WHAT POINT OF SERVICE PLAN (POS) IS ALL ABOUT

November 26, 2018

POINT OF SERVICE PLAN (POS): DEFINITION


POINT OF SERVICE PLAN (POS)This plan is similar to the health maintenance organization HMO in more ways because it also requires a primary care provider to be chosen and all care and referrals come to the primary care provider (PCP). Care is closely coordinated and does not require pre-authorized from the insurance company. The primary difference with the Point of Service Plan  (point of service provider) is that provides outside the network may be covered, although at a significant higher cost to the patient.

A Point Of Service Plan (POS) can be a good choice for those who travel a lot and are concerned about needing care outside the local area, or who cannot locate an HMO that carries all of their providers.

In more understanding terms, point of service plan is a type of managed care health insurance plan in the United State. It combines characteristics of the health maintenance organization (HMO) and the preferred provider organization plan.


How do a POS plan work?

POS combines elements of both HMO and PPO plans (preferred provider organization). Like and HMO plan, you may be required to designate a primary care physician who will then make referrals to network specialist when needed. Depending upon the plan, services rendered by your personal care provider are typically not subject to a deductable and preventive care benefits are usually included. Like PPO plan, you may receive care from non-network providers but with greater out-of-pocket costs; you may also be responsible for co-payment, coinsurance and an annual deductible.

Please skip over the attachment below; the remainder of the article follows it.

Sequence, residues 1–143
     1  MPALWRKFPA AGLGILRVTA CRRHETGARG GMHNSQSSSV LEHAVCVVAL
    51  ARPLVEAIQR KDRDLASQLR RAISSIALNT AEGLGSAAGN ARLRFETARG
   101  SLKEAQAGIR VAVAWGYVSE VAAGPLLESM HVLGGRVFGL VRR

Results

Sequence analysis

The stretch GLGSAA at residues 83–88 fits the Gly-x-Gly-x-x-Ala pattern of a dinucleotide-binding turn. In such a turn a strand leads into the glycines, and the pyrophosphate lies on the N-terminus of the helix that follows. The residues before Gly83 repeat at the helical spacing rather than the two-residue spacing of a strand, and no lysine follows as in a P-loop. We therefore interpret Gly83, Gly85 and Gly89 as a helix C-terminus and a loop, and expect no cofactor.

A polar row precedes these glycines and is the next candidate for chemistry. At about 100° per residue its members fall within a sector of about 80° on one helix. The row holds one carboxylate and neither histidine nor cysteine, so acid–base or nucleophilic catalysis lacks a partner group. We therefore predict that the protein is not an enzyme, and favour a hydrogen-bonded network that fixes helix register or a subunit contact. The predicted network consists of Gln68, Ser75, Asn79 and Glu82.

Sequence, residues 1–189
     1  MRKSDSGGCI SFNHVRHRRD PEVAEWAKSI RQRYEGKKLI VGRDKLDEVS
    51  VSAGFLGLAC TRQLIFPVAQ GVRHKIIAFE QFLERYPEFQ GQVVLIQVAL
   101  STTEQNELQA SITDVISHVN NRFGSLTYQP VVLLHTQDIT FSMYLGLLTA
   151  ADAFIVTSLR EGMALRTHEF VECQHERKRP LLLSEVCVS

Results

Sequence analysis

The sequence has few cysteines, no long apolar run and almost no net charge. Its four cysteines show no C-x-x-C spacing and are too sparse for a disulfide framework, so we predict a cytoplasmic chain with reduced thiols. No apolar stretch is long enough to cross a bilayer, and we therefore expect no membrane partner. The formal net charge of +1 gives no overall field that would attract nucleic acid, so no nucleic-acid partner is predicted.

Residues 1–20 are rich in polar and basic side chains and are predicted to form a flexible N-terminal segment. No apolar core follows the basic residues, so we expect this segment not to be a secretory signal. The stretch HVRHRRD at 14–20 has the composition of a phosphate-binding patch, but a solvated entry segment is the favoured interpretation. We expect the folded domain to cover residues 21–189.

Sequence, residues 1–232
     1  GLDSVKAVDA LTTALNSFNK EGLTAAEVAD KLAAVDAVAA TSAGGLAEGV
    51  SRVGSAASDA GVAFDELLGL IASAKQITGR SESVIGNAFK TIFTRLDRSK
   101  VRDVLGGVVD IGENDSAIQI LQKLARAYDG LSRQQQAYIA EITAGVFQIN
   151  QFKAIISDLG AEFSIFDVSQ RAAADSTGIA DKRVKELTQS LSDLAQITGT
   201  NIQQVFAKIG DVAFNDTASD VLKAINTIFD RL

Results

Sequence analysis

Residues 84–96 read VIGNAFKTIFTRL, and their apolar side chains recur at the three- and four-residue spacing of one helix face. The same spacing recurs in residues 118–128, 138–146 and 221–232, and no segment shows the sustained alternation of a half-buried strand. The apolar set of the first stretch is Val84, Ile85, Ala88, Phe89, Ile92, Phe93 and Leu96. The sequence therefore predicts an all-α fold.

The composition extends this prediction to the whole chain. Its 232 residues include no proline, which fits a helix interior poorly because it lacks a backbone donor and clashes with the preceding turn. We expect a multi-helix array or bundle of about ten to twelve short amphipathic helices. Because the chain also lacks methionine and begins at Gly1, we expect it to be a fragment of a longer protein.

Benefits of POS Plan

1.   You can go out of network with relative ease because a POS is an HMO with out of network benefits. You can see any specialist. POS plans also suits people who might use lots of outpatient medical services such as counseling.

2.     You can enjoy more geographic flexibility; travelers can visit doctors nearly anywhere and still have some medical coverage.


3.    If you live in a rural area or small town, you can benefit because your choices can be less limited than with a HMO.

Take note of this: you can waste your premium money if you can sign up for POS coverage and never use out-of-network specialist. So do the mathematics each plan-considering the costs you are likely to get in return-before going into the POS route.

When planning to opt in for an HMO plan an individual should consider the cost of premium, out of pocket cost, if he has a medical condition that requires specialized care and whether having his own primary health care provider is important.

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